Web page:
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Wednesday 18th Oct 2017

There is a pretty good thread going on on the Mastersball.com forum, regarding Colby Lewis.

Lewis, who spent the last two years in Japan with some serious success, is now back with the Rangers, the team who drafted him #1 in 1999.

Before that, Lewis, now 30, was a complete washout. A mark of 12-15, 6.71 over 217 innings, allowing 270 hits, 124 walks (1.83 WHIP), with 155 strikeouts and 36 (ouch) homers allowed pretty much confirms this. In fact, I got to score some of Lewis' final stint in the majors when he pitched for Oakland in 2007 (0-2, 6.45 over 26 games) and he really was awful.

Sometimes there are players who look good--displaying skills or savvy or something--and they cannot put it together and struggle. In Lewis' case, he was simply lost. And, hittable.

So, he fled to Japan and apparently learned some discipline, and some control winning 26 games over two years, with an ERA around 2.80, a WHIP below 1.00, and 369 strikeouts over 249.3 innings. And, those are some very impressive numbers.

Now the question is how much of a gamble is he in a roto league?

Well, as usual it depends upon the depth of your league, but the answer is Lewis is a huge gamble. Not that I am not impressed with his Japanese numbers.

But, the names of those players who have had an immediate impact coming to MLB is really not that large. Ichiro. Hideo Nomo. Hideki Matsui. DiceK. And Cecil Fielder.

There are others, certainly, but the major league highway is also littered with the Tomo Ohkas, Hideki Irabus, and Kenji Johjimas.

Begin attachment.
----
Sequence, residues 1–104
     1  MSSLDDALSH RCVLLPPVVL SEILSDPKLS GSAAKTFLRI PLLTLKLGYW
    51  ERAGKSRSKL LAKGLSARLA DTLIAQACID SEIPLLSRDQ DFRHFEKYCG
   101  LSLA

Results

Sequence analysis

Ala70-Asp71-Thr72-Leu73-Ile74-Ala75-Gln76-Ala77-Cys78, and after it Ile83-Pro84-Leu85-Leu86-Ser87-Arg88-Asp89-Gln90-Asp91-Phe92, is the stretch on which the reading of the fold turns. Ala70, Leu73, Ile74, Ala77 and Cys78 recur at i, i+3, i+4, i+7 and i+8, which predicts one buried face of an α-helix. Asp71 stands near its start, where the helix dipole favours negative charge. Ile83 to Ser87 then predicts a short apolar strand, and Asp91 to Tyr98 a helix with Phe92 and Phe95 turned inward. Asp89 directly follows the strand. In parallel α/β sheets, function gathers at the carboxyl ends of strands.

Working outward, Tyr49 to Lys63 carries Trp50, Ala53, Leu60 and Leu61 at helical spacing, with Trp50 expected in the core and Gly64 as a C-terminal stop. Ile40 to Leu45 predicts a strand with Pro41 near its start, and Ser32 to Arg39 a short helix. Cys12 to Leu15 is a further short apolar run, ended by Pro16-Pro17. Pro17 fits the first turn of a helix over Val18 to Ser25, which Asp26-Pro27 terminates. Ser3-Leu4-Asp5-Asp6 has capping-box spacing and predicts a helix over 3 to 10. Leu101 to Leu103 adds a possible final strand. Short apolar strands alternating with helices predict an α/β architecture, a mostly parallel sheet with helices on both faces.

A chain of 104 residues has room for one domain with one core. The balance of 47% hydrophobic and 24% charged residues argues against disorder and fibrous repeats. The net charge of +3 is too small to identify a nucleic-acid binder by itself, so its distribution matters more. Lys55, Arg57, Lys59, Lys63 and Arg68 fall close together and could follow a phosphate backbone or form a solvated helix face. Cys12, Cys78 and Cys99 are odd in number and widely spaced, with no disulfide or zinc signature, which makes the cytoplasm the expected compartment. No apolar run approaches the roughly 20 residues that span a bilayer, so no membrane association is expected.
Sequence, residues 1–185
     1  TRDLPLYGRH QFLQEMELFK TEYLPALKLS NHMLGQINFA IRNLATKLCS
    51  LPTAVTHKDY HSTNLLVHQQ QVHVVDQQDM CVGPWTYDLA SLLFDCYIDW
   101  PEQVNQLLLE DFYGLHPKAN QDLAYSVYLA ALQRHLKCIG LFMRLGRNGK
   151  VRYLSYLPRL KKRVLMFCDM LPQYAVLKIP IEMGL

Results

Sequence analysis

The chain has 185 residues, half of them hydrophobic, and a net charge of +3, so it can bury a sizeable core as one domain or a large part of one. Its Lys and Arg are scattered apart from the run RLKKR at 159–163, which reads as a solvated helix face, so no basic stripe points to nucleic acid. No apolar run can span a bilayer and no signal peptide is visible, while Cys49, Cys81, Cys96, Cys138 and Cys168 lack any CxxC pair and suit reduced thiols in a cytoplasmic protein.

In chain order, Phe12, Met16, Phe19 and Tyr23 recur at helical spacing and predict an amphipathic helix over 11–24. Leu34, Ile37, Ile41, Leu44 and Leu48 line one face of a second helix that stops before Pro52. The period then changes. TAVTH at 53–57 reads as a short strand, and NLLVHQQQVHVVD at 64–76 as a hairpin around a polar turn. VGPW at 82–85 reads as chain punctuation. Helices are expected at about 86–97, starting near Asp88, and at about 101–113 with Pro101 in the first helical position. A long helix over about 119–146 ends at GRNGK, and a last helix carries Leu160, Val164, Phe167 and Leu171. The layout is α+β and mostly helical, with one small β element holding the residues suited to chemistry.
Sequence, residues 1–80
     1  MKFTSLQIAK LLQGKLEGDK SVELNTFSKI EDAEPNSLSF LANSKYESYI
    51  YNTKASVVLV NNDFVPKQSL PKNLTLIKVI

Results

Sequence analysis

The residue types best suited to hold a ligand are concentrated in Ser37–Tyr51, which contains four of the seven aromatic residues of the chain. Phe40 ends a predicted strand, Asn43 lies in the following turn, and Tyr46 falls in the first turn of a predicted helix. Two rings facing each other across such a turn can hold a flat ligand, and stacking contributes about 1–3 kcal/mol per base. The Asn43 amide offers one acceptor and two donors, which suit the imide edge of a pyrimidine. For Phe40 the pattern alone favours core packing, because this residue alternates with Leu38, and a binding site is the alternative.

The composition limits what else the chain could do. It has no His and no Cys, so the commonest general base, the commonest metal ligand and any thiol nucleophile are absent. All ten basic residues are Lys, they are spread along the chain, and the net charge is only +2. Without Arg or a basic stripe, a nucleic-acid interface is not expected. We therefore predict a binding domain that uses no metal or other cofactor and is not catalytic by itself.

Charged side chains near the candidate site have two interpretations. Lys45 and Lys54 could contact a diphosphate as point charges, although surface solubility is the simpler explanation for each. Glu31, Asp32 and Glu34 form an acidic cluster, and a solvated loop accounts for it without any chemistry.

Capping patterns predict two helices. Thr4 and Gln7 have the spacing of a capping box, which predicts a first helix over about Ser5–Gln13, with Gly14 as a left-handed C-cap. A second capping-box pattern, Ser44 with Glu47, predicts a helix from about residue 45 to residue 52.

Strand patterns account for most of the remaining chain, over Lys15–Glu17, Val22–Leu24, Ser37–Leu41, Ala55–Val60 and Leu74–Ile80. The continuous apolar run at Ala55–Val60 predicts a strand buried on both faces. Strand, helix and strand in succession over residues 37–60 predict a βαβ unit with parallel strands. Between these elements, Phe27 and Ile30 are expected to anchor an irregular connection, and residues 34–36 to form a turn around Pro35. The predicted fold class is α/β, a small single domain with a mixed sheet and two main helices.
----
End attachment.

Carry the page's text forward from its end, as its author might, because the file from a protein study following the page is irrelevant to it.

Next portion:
Now I did include Cecil in this list because he is the most prominant player to go to Japan, succeed, and then return here and establish himself in the majors. Although, to be fair, Fielder had pretty good power totals before he fled, just poor on-base totals, and in Japan he learned to hit off-speed pitching.

And, maybe Lewis learned some control, but I would let some other eager eyed owner snap him up for $8 or a twelfth round pick. Of course, if you can get him on your reserve list, that is one thing. But, wasting (and I mean wasting) a roster spot on him at this point is just that: a waste (of course again, should you be in a 22-team league, it is different, but I am thinking standard league makeups here, of 12-team AL, and 15 team mixed).

Because aside from age, and going back to where he was not successful in the first place, he is going to a hitter's park, and I am willing to bet failure there will be even harder for Lewis to adjust to, than making the switch to life in Japan, no matter how successful.

I just don't see it. And, as Todd points out in the forum, those who take him and are successful with the selection are not prescient. Rather, they will be lucky.

It is true you have to be lucky to be good. But, one has to put himself in the position to take advantage of that luck. In this instance, I believe a Lewis owner would be trying to put luck in the position of being taken advantage of. Kind of like trying to draw on an inside straight.

Comments   

0 #1 John Verdello 2010-02-01 14:14
To me, this story has a category - "Everybody loves an anomaly". I love the commercials that tout products as having a brand new package - by implication letting you know it's the same old crap inside - but it looks nicer now.

This ranks right up there with "I had off season Lasix surgery"; "I lost 22 pounds on Jenny Craig"; "I really worked hard this offseason"; "I have accepted Jesus Christ as my saviour", etc.

When something out of the norm develops for a player such as this, it seems more often than not that it's viewed as some sort of missing piece to this player's personal puzzle. It's nice he did well in Japan - so did Tuffy Rhodes.

In closing, I leave you with the words of Al Sleet - "It's currently 68 degrees at the airport ... which is stupid because I don't know anybody who lives at the airport."
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